The spleen is an organ commonly injured in abdominal trauma of the upper left quadrant and until just under two decades the first choice was always splenectomy; however, based on new research and clinical experience, there is a tendency to preserve the spleen as much as possible, precisely because of its immune function and risk of infection. On the basis of the trauma and of the patient’s anamnesis, after an objective examination, the primary ABCDE evaluation, the Eco-FAST, and if necessary also the CT scan (with contrast), it is possible to choose between surgical (OM) and non-surgical (NOM) management: in the first hypothesis are included total or partial splenectomy surgery, raffia, direct hemostasis through drugs or devices with hemostatic-adhesive action, and laparoscopy; in the second hypothesis are included treatments such as controlled nutrition, rest, anticoagulant drug therapy (and antibiotic, if necessary), and angioembolization (exclusive or accessory to a NOM). In particular, in the last few years, a dual interpretation has emerged on the findings necessary to favour splenectomy (total or partial) over angioembolization. From the best clinical practice emerges therefore the answer to the question at hand, namely that the patient is a candidate for angioembolization if 1) is hemodynamically stable (with systolic blood pressure > 90 mmHg, heart rate < 100 bpm, and transfusion of < 3 units of blood in 24 hours) or stabilizable (positive response to rapid infusion of 1000-2000 cc of crystalloids-Ringer Lactate-with restoration of blood pressure and heart rate values in the range of hemodynamic stability); 3) there is no open trauma to the abdomen or evidence of vasoconstriction (cold, sweaty skin, decreased capillary refill) or obvious intestinal lesions or perforative peritonitis or high-grade lesions to the spleen or peritoneal irritation or signs of exsanguination or contrast blush or effusion (exceeding 300ml) detected by Eco-FAST. This preference is optimal concerning both the risks of postoperative infection and immunological risks; finally, age and head trauma, compared to the past, seem to be no longer discriminating conditions to favour splenectomy regardless. Splenic immune function is thought to be preserved after embolization, with no guidelines for prophylactic vaccination against encapsulated bacteria. Other clinical signs finally, however, might argue for discontinuation of NOM treatment in favour of a surgical approach: 1) need to transfuse more than 3 units of blood or simply the need for transfusion in 24 hours to maintain a maximum systolic blood pressure greater than 90 mmHg, correct anaemia less than 9 g/100 ml, or a hematocrit less than 30%; 2) persistence of paralytic ileus or gastric distension beyond 48 hours (despite a nasogastric aspiration); 3) increased hemoperitoneum (on ultrasound or CT); 4) aggravation of the lesion evidenced by ultrasound and/or CT (so-called “expansive” lesions); and 5) subsequent appearance of signs of peritoneal irritation. A complete understanding of post-embolization immune changes remains an area in need of further investigation, as do the psychological and mental health profiles of the surgical patient.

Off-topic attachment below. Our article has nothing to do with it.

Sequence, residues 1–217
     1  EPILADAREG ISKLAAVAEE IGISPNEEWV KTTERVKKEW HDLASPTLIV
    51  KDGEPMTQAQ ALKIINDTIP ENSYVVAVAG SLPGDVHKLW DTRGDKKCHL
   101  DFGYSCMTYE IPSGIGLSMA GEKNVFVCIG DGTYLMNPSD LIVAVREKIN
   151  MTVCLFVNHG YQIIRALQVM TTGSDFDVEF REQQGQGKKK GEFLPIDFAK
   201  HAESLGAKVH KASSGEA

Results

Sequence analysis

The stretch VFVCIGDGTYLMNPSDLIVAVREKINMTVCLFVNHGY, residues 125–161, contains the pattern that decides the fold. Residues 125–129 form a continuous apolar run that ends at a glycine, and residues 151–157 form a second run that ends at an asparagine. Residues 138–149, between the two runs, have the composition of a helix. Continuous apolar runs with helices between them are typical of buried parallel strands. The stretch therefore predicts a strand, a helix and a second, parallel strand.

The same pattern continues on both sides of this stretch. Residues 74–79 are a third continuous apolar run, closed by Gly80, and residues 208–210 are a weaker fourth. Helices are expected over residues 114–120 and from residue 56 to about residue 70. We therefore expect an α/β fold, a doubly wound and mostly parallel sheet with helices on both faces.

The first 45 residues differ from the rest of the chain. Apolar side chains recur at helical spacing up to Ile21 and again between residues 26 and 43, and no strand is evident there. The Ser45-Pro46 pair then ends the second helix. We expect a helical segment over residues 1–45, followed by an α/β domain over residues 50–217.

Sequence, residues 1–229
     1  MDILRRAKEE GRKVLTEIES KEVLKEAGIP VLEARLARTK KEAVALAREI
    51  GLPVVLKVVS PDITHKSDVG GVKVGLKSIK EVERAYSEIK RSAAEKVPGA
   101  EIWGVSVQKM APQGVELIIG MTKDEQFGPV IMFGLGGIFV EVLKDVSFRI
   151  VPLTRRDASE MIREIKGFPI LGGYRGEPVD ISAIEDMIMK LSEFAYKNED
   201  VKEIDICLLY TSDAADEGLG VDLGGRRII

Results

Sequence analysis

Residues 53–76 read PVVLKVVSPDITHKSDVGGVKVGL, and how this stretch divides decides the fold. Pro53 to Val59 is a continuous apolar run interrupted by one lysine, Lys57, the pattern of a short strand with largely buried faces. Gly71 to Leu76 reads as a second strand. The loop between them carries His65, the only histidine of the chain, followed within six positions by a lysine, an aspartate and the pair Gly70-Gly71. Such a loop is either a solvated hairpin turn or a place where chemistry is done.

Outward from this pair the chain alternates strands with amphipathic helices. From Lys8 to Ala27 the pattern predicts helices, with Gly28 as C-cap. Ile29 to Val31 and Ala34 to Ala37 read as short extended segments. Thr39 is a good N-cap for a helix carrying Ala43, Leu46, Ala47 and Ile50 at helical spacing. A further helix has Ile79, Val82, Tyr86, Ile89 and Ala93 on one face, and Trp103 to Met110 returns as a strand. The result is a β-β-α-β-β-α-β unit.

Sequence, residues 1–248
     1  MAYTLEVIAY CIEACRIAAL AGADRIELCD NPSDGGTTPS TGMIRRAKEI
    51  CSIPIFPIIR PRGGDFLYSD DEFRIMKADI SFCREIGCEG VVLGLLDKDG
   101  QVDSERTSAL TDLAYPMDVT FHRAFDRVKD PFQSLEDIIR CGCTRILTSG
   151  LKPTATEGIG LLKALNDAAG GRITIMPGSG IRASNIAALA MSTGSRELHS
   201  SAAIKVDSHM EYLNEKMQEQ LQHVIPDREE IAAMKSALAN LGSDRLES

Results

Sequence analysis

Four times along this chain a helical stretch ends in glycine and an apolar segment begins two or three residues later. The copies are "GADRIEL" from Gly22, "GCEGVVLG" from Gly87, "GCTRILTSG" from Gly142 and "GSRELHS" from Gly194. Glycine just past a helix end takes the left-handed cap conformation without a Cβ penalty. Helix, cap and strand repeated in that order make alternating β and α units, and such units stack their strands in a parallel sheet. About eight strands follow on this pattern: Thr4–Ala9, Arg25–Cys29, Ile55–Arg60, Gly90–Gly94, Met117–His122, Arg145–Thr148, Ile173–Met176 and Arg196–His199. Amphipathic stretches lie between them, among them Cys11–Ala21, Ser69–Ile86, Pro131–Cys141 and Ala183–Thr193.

Published: 7 October 2021